Deploying a Python Twitter Bot on AWS Lambda
June 11, 2017
Once upon a time, I created a Twitter bot, @poetryrobot, to retweet poems every 30 minutes and send words of encouragement to people who tweet poetry. I wrote the bot in Ruby and deployed it as a continually running process on an AWS t2.micro EC2 instance. It ran free of charge within the AWS free tier usage limits for 12 happy months.
This process assumes that Python v3 and a compatible version of pip are pre-installed.
Step 1: Bootstrap the project
AWS Lambda allows you to write code directly into a web editor for simple scripts. However, if multiple files or external dependencies are needed, then development needs to occur in a directory whose files can then be zipped and uploaded to AWS Lambda.
I created a new code directory,
poetryrobot/, containing a single Python file,
Next, I picked out a Python Twitter package, python-twitter, and installed it into the code directory with the following:
The dependency needs to be installed in the code directory so that it can be included as part of the zip file.
Step 2: Implement the bot
I created a
credentials.json file which contained the following information:
poetryrobot.py file, I imported the dependencies I would use and loaded the credentials:
Then, still in
poetryrobot.py, I implemented the following method to be the AWS Lambda entry point (the "main" method), and I implemented the methods it calls (like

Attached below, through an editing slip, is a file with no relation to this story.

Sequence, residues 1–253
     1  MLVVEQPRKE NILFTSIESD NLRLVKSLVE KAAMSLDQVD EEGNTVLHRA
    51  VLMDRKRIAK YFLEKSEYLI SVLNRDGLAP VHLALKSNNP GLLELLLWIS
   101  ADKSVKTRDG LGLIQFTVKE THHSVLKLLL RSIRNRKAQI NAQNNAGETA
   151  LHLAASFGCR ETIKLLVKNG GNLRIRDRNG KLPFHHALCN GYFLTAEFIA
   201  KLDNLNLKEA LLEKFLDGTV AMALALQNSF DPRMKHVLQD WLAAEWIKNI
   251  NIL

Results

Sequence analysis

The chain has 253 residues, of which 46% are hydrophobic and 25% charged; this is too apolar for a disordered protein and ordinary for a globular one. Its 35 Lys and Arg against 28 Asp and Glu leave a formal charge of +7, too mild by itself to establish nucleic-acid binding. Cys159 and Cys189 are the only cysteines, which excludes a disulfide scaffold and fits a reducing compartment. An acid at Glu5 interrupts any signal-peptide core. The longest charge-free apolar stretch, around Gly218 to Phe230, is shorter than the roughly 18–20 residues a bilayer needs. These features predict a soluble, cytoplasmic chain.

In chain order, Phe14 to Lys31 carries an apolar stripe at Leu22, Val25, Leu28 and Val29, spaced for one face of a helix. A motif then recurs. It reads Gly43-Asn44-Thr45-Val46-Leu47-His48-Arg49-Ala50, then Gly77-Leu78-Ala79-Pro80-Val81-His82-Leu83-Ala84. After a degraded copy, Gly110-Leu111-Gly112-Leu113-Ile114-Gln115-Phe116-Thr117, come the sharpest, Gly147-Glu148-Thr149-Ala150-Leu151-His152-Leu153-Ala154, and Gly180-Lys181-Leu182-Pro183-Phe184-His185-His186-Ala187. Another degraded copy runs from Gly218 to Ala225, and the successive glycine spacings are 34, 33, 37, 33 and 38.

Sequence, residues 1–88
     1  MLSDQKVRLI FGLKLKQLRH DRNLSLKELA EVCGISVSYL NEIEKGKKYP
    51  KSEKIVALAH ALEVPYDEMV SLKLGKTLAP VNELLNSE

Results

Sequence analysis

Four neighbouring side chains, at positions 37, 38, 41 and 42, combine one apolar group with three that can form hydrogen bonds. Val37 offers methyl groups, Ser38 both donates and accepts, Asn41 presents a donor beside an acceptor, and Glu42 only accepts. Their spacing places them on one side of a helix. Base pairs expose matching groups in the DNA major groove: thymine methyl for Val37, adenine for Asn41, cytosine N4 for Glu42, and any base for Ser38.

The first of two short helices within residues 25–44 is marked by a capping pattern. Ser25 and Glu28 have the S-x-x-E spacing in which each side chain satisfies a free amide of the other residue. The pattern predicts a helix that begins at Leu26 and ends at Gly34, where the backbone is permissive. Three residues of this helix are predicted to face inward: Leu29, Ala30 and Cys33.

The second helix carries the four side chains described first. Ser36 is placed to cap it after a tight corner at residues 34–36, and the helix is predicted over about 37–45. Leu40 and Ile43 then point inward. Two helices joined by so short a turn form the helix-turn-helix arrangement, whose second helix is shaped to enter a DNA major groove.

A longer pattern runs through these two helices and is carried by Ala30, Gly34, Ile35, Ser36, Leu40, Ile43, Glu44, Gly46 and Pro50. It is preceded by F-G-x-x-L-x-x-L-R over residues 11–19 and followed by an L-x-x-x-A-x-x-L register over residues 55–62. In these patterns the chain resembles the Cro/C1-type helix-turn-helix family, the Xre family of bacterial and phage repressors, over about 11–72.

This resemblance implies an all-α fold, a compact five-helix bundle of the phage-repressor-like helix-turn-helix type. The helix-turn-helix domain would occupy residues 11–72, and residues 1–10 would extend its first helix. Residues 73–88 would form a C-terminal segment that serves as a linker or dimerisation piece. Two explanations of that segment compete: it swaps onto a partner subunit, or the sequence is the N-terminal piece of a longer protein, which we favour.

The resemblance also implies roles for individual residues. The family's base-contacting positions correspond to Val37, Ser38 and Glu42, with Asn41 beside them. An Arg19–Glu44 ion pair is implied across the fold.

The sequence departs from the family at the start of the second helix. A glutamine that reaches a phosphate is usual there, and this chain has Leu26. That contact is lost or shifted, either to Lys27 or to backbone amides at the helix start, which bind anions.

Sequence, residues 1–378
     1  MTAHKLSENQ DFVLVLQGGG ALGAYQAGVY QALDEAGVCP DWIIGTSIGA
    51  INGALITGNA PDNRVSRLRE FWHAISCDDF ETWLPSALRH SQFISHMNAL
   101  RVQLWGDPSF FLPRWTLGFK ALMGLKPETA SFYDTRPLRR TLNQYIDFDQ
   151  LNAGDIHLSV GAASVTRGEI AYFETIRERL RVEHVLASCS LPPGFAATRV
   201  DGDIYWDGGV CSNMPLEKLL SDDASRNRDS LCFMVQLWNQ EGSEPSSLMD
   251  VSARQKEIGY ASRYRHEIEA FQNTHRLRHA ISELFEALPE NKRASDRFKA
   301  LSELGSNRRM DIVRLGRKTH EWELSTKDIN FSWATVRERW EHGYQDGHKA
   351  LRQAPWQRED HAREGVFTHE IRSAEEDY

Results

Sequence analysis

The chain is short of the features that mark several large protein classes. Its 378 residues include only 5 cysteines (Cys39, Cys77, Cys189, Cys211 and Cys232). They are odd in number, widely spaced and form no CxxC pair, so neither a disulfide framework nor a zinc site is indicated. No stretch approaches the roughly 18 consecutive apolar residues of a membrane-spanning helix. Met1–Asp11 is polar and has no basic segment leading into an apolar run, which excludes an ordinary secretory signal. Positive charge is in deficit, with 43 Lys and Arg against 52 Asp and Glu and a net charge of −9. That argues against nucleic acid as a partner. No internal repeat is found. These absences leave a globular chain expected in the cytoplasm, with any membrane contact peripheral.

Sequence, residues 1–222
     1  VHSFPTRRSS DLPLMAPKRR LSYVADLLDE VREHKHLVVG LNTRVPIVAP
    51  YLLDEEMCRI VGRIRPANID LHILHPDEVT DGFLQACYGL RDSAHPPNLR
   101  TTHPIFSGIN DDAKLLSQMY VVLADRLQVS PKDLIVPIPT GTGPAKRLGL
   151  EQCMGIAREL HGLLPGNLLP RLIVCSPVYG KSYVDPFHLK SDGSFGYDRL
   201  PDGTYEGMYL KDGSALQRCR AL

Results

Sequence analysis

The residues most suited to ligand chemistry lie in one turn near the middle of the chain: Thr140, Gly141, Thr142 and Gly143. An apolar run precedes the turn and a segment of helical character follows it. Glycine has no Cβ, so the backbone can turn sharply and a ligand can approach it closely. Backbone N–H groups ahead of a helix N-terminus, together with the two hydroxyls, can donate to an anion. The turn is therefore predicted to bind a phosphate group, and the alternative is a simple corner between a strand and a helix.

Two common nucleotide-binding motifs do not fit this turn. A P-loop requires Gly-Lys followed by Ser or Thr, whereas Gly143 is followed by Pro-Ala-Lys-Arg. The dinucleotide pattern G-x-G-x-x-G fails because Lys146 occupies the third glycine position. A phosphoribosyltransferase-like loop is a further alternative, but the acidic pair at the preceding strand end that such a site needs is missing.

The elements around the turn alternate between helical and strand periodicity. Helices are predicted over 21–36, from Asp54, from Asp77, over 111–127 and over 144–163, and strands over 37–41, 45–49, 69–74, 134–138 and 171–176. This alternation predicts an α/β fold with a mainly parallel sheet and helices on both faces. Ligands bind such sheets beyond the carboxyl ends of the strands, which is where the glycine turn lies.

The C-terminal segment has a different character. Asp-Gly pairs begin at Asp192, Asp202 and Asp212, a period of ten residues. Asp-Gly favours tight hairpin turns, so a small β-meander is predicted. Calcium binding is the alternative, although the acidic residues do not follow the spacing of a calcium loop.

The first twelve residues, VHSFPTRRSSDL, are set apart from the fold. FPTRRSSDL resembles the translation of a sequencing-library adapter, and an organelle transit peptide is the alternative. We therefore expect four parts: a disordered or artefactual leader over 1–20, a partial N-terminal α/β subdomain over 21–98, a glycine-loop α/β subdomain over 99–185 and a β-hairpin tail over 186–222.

It's important that this main method accepts two arguments, because AWS Lambda will pass it two arguments.
poetryrobot.py file can be seen here.
Step 3: Create the zip file
I highlighted everything in the code directory (not including the code directory itself) and compressed it into a zip file.
Step 4: Create the Lambda function
I went to the AWS Lambda management console and clicked to create a new Lambda function. I selected the Blank Function template.
I clicked "Next" on the trigger screen to skip that step for now.
On the next screen, I set the runtime to Python 3.6 and named the function
poetryrobot. I clicked to upload a zip file rather than type code inline, and I uploaded the generated zip file from Step 3. Then, I typed
poetryrobot.lambda_handler (the name of the "main" method) into the handler field. I set a
lambda_basic_execution role with CloudWatch log permissions. Finally, under "Advanced", I increased the timeout from the default to 20 seconds.
Step 5: Testing the Lambda function
With just these steps, the Lambda function was ready to roll. I clicked the "Test" button and saw activity on Twitter along with logs send to CloudWatch.
Step 6: Scheduling the Lambda function
This is the final step! I went to the CloudWatch management console, navigated to the events >> rules section, and clicked "Create rule". On the next screen, I set the event source to "Schedule" and set a fixed rate of 30 minutes. Then, I set the target to the
poetryrobot Lambda function. Finally, I named the CloudWatch rule
poetryrobot_event and clicked to create it. From there, the bot was up and running on its schedule!